Exogenous 2-(3,4-Dichlorophenoxy) triethylamine alleviates salinity stress in maize by enhancing photosynthetic capacity, improving water status and maintaining K+/Na+ homeostasis [post]

2020 unpublished
Soil salinity restricts plant growth and productivity. 2- (3,4-dichlorophenoxy) triethylamine (DCPTA) can alleviate salinity stress in plants. However, the mechanism of DCPTAmediated salinity tolerance has not been fully clarified. We aimed to investigate its role in enhancing photosynthetic capacity, improving water status, maintaining K + /Na + homeostasis and alleviating salinity stress in maize (Zea mays L.). Results: In present study, maize seedlings were grown in nutrient solutions with a
more » ... nt solutions with a combination of NaCl (0, 150 mM) and DCPTA (0, 20, 100, and 400 μM). And photosynthesis, water status, ion homeostasis and the expression of genes involved in ion uptake and transport were evaluated in the maize seedlings. The results demonstrated that DCPTA alleviated the growth inhibition of maize seedlings exposed to salinity stress by increasing the net photosynthetic rate (P n ) and the quantum efficiency of photosystem II (PSII) photochemistry. DCPTA improved the root hydraulic conductivity, which help maintained the water status. A relatively high K + concentration but a relatively low Na + concentration and the Na + /K + ratio were observed in the presence of DCPTA under salinity stress. Additionally, DCPTA altered the expression of four genes (ZmSOS1, ZmHKT1, ZmNHX1 and ZmSKOR) that encode membrane transport proteins responsible for K + /Na + homeostasis. Conclusions: DCPTA improved the salinity tolerance of maize may be associated with enhanced photosynthetic capacity, maintenance of water status and altered expression of genes involved in ion uptake and transport. Background Soil salinization is one of the most severe adverse environmental factors limiting agricultural development [1, 2] . Approximately 830 million hectares (ha) of land (approximately 20% of the cultivated land area worldwide) is impacted by soil salinization [3] [4] [5] , and an annual worldwide loss of US$12-27.3 billion occurs due to lost crop production [6] . It is expected that in 2050, the global population will surpass 9.1 billion, necessitating another 70% increase in food production to ensure food security [7] . Soil salinization will be the major obstacle in the way of achieving this goal [8] . Excess salt in the soil impedes plant growth and development by a multitude of mechanisms, designed the experiments. LJL, and SYZ gathered the data and analysed the results. SYZ, CFL, GLZ, CXC and CRQ helped to interpret the results and prepare the manuscript. WRG, SW, ZHW and WHL were in charge of manuscript revisions. All authors read and approved the final manuscript.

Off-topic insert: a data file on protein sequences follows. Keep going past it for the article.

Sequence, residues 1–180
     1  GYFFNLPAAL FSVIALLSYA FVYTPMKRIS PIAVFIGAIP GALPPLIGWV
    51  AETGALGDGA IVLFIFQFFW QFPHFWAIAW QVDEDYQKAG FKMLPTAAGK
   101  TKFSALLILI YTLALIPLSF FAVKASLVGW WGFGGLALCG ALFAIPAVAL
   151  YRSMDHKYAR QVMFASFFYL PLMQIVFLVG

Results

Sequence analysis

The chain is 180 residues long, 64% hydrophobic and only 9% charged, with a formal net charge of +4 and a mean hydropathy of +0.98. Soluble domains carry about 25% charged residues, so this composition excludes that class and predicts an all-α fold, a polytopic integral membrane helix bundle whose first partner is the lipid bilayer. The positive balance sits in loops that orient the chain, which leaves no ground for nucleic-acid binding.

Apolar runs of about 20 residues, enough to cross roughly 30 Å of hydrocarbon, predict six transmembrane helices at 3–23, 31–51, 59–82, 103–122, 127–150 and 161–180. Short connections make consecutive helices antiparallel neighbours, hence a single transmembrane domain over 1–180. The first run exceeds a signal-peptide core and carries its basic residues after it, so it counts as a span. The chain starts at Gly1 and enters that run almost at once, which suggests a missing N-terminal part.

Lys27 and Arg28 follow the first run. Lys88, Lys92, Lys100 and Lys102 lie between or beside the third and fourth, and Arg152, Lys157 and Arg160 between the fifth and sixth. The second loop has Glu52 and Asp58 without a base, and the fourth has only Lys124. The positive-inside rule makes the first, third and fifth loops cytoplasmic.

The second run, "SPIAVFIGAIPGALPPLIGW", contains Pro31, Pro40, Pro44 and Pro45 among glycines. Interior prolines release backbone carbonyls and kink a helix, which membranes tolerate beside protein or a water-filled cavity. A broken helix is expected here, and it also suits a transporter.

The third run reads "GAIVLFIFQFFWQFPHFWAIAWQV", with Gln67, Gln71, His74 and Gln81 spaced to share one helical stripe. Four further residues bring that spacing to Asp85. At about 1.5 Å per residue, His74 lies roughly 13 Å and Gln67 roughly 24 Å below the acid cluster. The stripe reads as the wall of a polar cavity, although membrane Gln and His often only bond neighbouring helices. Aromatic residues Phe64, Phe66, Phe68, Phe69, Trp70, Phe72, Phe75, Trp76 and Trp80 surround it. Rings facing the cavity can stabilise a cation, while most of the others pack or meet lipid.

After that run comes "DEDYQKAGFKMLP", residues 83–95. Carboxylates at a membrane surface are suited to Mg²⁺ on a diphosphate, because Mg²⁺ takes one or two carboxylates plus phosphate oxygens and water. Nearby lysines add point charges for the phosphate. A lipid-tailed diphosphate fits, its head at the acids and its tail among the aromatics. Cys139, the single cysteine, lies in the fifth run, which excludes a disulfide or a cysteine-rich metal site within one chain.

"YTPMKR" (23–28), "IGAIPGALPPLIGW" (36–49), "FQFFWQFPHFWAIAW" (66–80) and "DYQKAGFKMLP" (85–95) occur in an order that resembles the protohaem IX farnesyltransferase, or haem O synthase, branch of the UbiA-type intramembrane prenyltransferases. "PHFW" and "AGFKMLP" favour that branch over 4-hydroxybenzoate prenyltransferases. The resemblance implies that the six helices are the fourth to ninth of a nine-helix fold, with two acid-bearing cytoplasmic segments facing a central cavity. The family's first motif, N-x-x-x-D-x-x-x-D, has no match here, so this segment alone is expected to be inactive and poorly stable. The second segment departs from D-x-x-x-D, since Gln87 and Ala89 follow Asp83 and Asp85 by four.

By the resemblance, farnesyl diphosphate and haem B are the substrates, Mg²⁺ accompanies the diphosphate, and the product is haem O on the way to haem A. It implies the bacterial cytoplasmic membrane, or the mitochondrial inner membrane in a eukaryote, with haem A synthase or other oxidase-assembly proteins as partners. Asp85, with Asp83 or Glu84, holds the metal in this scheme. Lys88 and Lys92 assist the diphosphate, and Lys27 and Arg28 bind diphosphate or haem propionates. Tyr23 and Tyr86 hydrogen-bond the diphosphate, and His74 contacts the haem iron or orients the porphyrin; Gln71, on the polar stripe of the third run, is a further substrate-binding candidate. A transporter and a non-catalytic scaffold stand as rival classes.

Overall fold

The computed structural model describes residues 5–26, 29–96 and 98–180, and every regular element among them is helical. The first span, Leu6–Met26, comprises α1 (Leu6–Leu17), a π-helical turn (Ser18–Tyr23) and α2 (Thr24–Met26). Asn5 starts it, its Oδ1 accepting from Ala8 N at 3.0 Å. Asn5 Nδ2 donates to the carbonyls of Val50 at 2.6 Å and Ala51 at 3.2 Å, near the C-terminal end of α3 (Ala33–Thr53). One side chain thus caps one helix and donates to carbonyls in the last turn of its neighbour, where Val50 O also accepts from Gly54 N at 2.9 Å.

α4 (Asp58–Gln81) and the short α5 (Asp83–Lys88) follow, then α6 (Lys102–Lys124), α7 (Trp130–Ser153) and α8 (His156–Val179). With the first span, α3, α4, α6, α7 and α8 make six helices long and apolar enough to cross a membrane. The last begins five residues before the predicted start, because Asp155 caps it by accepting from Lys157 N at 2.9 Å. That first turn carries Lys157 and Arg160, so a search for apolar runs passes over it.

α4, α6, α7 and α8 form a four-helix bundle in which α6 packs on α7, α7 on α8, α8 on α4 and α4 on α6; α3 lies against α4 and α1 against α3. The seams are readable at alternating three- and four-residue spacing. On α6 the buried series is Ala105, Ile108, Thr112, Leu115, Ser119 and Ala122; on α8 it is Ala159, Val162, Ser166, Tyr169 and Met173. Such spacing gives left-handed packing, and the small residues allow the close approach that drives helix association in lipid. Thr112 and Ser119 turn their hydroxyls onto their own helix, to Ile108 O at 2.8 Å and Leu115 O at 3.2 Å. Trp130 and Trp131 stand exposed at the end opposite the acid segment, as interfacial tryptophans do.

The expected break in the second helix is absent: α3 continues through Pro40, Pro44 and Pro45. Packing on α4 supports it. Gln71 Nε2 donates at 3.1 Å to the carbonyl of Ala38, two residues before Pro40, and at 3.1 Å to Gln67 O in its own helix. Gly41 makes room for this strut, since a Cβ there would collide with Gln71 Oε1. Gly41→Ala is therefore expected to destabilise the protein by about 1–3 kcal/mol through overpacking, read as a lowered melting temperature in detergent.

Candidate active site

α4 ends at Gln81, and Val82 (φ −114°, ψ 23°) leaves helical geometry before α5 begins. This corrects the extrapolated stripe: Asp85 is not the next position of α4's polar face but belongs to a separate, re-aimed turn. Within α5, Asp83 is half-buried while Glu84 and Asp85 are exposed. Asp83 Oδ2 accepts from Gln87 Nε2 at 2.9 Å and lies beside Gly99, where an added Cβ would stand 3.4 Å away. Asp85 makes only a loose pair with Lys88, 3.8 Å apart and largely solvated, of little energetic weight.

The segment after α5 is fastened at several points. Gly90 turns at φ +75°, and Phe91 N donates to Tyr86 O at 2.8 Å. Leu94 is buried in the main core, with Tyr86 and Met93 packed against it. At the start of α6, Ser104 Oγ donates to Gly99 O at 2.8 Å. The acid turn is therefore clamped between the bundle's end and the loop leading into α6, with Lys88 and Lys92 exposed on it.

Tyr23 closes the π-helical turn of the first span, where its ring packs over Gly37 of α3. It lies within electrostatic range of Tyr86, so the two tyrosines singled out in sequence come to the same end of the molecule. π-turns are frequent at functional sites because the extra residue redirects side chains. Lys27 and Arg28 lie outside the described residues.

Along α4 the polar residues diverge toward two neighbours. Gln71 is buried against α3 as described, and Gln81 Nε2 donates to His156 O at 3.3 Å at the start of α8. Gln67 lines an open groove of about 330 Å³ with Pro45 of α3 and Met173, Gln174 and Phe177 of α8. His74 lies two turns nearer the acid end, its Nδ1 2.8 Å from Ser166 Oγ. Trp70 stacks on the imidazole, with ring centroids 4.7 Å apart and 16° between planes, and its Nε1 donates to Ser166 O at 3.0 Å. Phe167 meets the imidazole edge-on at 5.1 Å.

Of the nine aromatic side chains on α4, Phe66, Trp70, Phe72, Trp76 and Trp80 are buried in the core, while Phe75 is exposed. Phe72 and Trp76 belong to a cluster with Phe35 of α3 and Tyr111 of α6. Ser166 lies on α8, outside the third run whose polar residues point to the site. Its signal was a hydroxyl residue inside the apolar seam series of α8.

doi:10.21203/rs.3.rs-18017/v1 fatcat:quoimyws3fd7zihmixghfex5au